The logic of ( number | 0 ) statement gives an integer in javascript [duplicate]

Converting floating number into integer We can use `( number | 0 )` statement instead of `parseInt(number)` in Javascript. for example : `( 3.343 | 0)` gives an integer value `3`. Please Explain what is the logic behind `( number | 0 )` statement.

• I'ts a way in javascript of making a number into a integer. The Javascript Engine can then do certain optmizations,.. eg. Integer muliply / add etc, instead of double. – Keith Aug 31 '17 at 22:33
• Are you asking how `number | 0` works or why `number | 0` is used rather than `parseInt`? – Sebastian Simon Aug 31 '17 at 22:38
• No, you should not use this instead of a proper `parseInt`. – Bergi Sep 1 '17 at 0:34

The `|` operator performs bitwise logical `OR`. It requires its parameters to be integers, so it will convert a string to an integer. So

``````( number | 0 )
``````

is equivalent to:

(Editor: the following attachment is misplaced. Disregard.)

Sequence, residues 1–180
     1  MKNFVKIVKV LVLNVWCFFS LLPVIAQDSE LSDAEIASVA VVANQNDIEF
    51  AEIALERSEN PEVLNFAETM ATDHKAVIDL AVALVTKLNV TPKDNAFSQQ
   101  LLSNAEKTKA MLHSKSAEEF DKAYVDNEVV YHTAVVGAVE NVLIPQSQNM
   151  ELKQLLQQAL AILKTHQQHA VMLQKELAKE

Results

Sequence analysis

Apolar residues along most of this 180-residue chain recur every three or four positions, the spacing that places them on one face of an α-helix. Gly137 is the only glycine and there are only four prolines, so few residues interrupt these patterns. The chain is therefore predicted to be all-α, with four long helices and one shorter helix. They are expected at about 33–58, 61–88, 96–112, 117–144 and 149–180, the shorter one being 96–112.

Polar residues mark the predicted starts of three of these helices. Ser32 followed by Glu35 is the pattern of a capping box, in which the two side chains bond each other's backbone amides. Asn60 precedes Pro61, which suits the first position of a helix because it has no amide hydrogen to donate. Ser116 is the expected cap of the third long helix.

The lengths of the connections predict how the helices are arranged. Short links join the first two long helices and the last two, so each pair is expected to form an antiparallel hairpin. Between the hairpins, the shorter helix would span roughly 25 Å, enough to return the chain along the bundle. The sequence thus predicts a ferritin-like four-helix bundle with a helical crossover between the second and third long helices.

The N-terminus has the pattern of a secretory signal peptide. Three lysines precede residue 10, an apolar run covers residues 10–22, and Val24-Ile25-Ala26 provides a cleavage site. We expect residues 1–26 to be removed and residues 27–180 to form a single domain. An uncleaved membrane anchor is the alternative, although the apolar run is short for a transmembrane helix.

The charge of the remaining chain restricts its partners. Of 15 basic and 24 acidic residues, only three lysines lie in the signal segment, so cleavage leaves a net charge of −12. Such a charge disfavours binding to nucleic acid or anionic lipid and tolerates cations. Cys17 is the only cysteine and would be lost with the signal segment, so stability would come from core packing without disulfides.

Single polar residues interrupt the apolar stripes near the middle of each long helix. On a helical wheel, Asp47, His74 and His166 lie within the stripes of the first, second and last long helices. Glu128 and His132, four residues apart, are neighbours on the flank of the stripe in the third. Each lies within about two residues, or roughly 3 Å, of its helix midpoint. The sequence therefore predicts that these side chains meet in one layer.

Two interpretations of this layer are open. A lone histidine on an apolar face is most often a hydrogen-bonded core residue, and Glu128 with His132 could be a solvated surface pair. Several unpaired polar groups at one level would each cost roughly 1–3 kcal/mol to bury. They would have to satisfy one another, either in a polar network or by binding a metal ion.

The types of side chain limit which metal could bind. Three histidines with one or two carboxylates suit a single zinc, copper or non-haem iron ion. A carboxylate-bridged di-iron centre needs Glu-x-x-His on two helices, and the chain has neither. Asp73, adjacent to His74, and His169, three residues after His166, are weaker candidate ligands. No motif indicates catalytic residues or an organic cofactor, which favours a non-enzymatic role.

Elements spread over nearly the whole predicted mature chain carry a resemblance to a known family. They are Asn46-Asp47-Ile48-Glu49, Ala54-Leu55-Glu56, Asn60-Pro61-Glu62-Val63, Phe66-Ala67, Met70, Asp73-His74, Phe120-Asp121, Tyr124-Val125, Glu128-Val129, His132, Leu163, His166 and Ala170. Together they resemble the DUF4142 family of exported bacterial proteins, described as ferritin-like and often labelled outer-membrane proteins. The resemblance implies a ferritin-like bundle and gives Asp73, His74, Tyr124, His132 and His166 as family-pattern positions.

``````( parseInt(number, 10) | 0 )
``````

Any number or'ed with `0` will return that same number, so that makes it equivalen to:

``````parseInt(number, 10)
``````
• I think there might be some confusion from the OP about type coercion here too. In the case described above, the confusion is how `"123" | 0 = 123`. – AJ X. Aug 31 '17 at 22:41
• No, those are not equivalent. Try with the input `number = "0xFF"`. Or `1e11`. Or `0b11`. Or `Infinity`. – Bergi Sep 1 '17 at 0:35

Well, the single pipe between the number and 0 is bitwise operator that treat their operands as a sequence of 32 bits (zeroes and ones). https://developer.mozilla.org/en-US/docs/Web/JavaScript/Reference/Operators/Bitwise_Operators#.7c_%28Bitwise_OR%29